Shame Part 4: I Deserve to Feel Bad, Because I am Bad—Shame-based Depression By Jacqueline Simon Gunn on 1/29/19 - 3:46 PM

In my previous blog posts, I discussed the difference between shame and guilt; both of which are painful, self-evaluative affects. Guilt involves the evaluation of a specific behavior and therefore, offers the opportunity for reparation. If Gary fails a test and feels guilty, he believes he can do things—like study harder—that will relieve some of his guilt. Even the thought that he is able to do something, alleviates some of the distress from his self-evaluation.

Like what you are reading? For more stimulating stories, thought-provoking articles and new video announcements, sign up for our monthly newsletter.

If Gary perceives himself to be a loser who can never do anything right, then he is experiencing shame. Although shame can be transient, there are people whose experience of shame (shame-proneness) is pervasive; meaning that at the very core of their sense of self is the feeling of being small, insignificant and/or bad.

In my most recent blog post in this series, I discussed how shame-proneness compromised empathy, causing conflict and turmoil in relationships. Another lasting and painful consequence of unresolved shame is shame-based depression.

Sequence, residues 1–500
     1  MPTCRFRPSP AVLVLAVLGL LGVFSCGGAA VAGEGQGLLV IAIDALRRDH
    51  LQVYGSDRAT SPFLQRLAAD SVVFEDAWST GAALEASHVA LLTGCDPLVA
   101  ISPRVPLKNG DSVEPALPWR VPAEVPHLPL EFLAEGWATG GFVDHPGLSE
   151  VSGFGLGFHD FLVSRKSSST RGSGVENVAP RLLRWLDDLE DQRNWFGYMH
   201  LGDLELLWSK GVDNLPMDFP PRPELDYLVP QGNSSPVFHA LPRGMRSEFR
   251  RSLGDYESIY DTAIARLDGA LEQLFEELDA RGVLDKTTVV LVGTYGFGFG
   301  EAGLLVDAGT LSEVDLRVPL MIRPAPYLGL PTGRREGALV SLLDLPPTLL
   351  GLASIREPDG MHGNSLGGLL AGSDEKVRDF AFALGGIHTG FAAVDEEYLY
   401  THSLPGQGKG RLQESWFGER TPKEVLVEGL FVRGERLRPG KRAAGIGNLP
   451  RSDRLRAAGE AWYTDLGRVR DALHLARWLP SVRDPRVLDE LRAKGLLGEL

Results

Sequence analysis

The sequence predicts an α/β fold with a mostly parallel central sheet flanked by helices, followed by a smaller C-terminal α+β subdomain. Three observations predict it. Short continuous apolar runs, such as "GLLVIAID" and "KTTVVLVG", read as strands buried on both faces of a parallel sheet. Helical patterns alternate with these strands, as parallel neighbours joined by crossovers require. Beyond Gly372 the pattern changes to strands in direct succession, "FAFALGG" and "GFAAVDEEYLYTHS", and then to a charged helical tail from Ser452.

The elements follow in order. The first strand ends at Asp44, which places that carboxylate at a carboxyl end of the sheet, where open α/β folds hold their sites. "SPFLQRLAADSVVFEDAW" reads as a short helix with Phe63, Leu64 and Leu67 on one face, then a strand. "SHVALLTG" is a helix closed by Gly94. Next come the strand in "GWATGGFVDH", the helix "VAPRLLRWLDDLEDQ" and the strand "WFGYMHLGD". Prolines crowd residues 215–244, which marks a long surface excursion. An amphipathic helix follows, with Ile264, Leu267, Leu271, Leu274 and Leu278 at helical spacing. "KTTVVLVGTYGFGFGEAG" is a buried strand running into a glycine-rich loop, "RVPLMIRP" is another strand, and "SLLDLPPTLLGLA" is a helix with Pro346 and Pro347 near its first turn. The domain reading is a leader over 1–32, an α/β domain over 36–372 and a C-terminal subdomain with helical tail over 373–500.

Depression is at best, an umbrella concept, not easily understood or reducible to a diagnostic label. Just because people share symptoms does not mean the cause is the same. Think of all the different underlying reasons for a headache. If we are to hope for good psychotherapy outcomes, we need to understand the causes of the symptoms, not an easy endeavor with distress as broad as depression.

When depression is shame-based, it is not only the symptoms that debilitate, but also the ingrained belief that the person does not deserve to feel better. Because fundamentally they feel bad, small, unimportant, the suffering feels congruent. Relief feels foreign and undeserved. If the shame basis of the depression is left unidentified, improvement will be a tortuous, uphill battle for both you and your patient.

Take Madeline (an amalgam of patients suffering from shame-based depression), for example. She’s a 39-year-old woman who came in for depression and reported a lifelong history of related symptoms. She described apathy, anhedonia, problems with motivation and concentration, appetite and sleep disturbances as well as feelings of worthlessness. As the therapy progressed over the first year, it became clear that Madeline experienced deep-rooted and chronic shame.